Take, for example, Savage Arms' stainless steel 10 ML-II muzzleloader rifle. The company is facing another lawsuit over the rifle's tendency to explode, and while it has settled a few previous lawsuits, the actual number of hunters injured by the rifle ranges from a few dozen to possibly hundreds of victims.

Johnson and Johnson has become a regular subject of our injury blogs. From talc-based baby powder causing cancer to vaginal mesh implants causing bleeding and loss of sexual function to anti-psychotics causing breast enlargement in male patients, Johnson and Johnson has been the subject of hundreds of lawsuits and been forced to pay hundreds of millions of dollars in jury verdicts. To be fair, many of the allegedly defective products were made by J&J subsidiaries, but the most damning accusations claim J&J knew of the danger to consumers and sold the products anyway.

The same can be said for Johnson and Johnson's Pinnacle hip implants designed and manufactured by DePuy Orthopaedic. Johnson and Johnson faces some 9,700 lawsuits nationwide regarding the implants and has just been ordered to pay out its third jury award, this one for $247 million.

Just about everyone would like to sample something before they buy it. We try on clothes and shoes before purchasing, get sips of wine before assenting to the whole bottle, and hear snippets of music before downloading an entire song or album.

It's no surprise that we'd like to try on our makeup before we buy it as well. What else could account for the ubiquitous free samples at makeup counters in malls and stores nationwide? But exactly how we sample makeup has become a central issue in a lawsuit filed by a California woman who claims a lipstick sample from a Sephora store gave her oral herpes.

While jury after jury has been awarding plaintiffs hundreds of millions of dollars in lawsuits against Johnson & Johnson for the cancer-causing risks in their talc and baby powder products, the company's attorneys have consistently defended "the safety of Johnson's Baby Powder" and asserted they believe the verdicts will be overturned on appeal. This week, J&J got one of those verdicts reversed, but not on the basis of the safety of its products.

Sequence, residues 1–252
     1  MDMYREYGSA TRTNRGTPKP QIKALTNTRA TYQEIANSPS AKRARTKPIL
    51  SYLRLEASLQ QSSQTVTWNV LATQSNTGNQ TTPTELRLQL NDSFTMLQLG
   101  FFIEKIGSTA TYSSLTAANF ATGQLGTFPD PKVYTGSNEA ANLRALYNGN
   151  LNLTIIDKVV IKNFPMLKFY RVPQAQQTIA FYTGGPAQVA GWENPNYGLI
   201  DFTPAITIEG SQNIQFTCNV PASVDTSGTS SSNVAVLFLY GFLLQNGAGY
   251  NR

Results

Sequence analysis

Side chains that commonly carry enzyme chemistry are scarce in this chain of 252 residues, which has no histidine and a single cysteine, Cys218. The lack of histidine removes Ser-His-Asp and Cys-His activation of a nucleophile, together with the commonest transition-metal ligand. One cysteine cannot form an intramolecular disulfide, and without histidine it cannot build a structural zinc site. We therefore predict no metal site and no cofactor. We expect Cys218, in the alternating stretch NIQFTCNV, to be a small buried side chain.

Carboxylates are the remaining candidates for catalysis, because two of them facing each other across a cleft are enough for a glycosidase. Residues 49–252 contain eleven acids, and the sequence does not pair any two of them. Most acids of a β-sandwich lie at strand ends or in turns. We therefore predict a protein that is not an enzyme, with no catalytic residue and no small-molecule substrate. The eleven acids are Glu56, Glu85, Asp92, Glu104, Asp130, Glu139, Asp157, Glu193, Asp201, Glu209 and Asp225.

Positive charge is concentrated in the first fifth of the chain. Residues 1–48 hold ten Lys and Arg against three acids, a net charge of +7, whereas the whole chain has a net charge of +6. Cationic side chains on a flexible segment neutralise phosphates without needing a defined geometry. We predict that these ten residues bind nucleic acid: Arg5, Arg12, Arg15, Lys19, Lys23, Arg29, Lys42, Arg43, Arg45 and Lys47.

The Missouri Court of Appeals for the Eastern District overturned a $72 million verdict in favor of the family of an Alabama woman who died from ovarian cancer, saying the case should never have been tried in St. Louis.

It's not too surprising when Victoria's Secret racy lingerie sparks some romantic flames. A little more surprising is when a less revealing hoodie from the company's PINK apparel line literally catches fire.

Samantha Burke claims that a hoodie, t-shirt, and bra she purchased from Victoria's Secret "burst into flame while she cooked, resulting in sever and irreparable injury to her body." She is now suing the company, alleging that she "will bear the scars on her body, and in her memory, forever."

As more and more people fall victim to opioid addiction, more and more lawsuits are being filed. States are suing drug companies, addicts are suing doctors, and the federal government is starting its own investigation into the crisis.

But who's liable for opioid addiction? The addict? Doctors? Drug manufacturers? All three? Here's what you need to know about opioid lawsuits and addiction liability.